Sept. 17 (Bloomberg) -- Citadel LLC is considering cutting fees on its two main funds as it attempts to attract clients during the worst climate for raising money in two decades, said two people with knowledge of the firm’s plans. The Kensington and Wellington hedge funds at Chicago-based Citadel, the $11.1 billion firm founded by Ken Griffin, are among a handful that pass along all expenses to clients rather than charging the industry-standard 2 percent annual management fee. Expenses at the firm have reached as much as 8 percent of assets, and typically range from 4 percent to 6 percent. Citadel lost 55 percent of assets as markets tumbled in 2008, and when investors sought to take out $1.2 billion the firm suspended redemptions before restoring them in late 2009. Even after last year’s 62 percent return and this year’s 4 percent gain, the funds would still need to climb about 30 percent to make clients whole. Assets fell from $13.5 billion a year ago as money was returned to customers.
Carlyle Said to Seek Stake in Hedge-Fund Firm Amid Buyout Slump 2010-09-17 04:01:00.20 GMT By Cristina Alesci, Saijel Kishan and Jason Kelly
Sept. 17 (Bloomberg) -- Carlyle Group, the world’s second- largest private-equity firm, may buy a stake in a hedge-fund manager and is negotiating with several firms as it seeks to add more liquid investments, said three people briefed on the plans. Carlyle is talking to firms including one hedge fund with as much as $5 billion in assets that trades across multiple markets, said the people, who asked not to be identified because the information is private. The firm is also seeking to raise two new debt funds and a $1 billion pool to buy small companies, the people said. The biggest private-equity firms are adding more liquid investments after the financial crisis sapped investors’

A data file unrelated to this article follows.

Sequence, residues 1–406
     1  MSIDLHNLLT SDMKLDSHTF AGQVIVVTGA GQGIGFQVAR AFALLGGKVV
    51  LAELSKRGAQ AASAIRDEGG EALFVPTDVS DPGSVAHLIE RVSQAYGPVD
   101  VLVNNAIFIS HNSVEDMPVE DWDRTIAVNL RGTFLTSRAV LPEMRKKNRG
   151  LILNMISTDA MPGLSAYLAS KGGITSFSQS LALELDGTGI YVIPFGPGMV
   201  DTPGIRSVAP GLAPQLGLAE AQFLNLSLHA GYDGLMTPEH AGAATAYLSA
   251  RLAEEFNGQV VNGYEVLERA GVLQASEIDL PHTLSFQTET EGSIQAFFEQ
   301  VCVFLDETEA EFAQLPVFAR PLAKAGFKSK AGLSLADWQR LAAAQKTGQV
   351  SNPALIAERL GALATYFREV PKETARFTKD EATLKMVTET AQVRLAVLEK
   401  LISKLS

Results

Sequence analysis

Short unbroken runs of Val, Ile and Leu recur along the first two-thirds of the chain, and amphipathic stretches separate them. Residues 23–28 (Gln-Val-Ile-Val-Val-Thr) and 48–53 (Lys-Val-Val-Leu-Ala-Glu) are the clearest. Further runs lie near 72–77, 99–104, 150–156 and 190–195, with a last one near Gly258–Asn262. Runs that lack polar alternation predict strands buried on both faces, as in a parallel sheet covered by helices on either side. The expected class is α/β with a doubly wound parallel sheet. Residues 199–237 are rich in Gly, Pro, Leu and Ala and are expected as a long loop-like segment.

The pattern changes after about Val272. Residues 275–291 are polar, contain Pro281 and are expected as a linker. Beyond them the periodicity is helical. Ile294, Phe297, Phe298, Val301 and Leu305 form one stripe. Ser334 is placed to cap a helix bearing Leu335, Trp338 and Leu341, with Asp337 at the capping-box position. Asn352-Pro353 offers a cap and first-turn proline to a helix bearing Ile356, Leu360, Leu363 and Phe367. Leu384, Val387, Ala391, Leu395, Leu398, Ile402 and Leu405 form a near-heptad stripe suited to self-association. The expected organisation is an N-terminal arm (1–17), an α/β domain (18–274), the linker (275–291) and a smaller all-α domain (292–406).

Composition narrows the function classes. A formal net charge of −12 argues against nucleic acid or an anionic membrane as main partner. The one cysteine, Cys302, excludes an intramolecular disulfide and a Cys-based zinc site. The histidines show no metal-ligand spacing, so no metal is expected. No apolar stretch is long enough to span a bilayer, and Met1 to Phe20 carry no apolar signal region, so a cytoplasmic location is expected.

appetites for large buyouts. Blackstone Group LP expanded its debt business with the 2008 purchase of hedge fund GSO Capital Partners LP, and KKR & Co. has formed a group to underwrite debt and equity offerings. A previous effort by Carlyle to add hedge funds failed in 2008 when the firm liquidated a pool hurt by investments in mortgage securities.
Finally, on a personal note, I have never heard Home Depot co-founder Bernie Marcus speak before, but he was terrific on CNBC this morning. Hopefully his pro-small business and anti-academic-economic-theory rant will resonate in
, especially within the Obama Administration. He basically asks, “what the heck do Summers, Pelosi, and Obama know about running a small business? They’ve never had to in their lives, and they are out of touch.” If things end up slow later today, please take the time to skim through this video: http://classic.cnbc.com/id/15840232?video=1593436488&play=1 Washington
JNJ to buy CRXL for EUR24.75/share. MEE expects to report Q3 loss and guides FY 2010 to low end of range. BofAMLCO ups DCI. BARD ups OSK. CITI cuts FMX. PIPR cuts SHPGY, ARNA. UBSS cuts NBL.
S&P 500 PreMarket 8:30am (last/% change prior close/volume):
Today’s Trivia: Under what name was Kool-Aid originally marketed?
Yesterday’s Question: What is the important distinction – other than the most obvious – between male and female mosquitoes?
Yesterday's Answer: Female mosquitoes are the only ones that bite…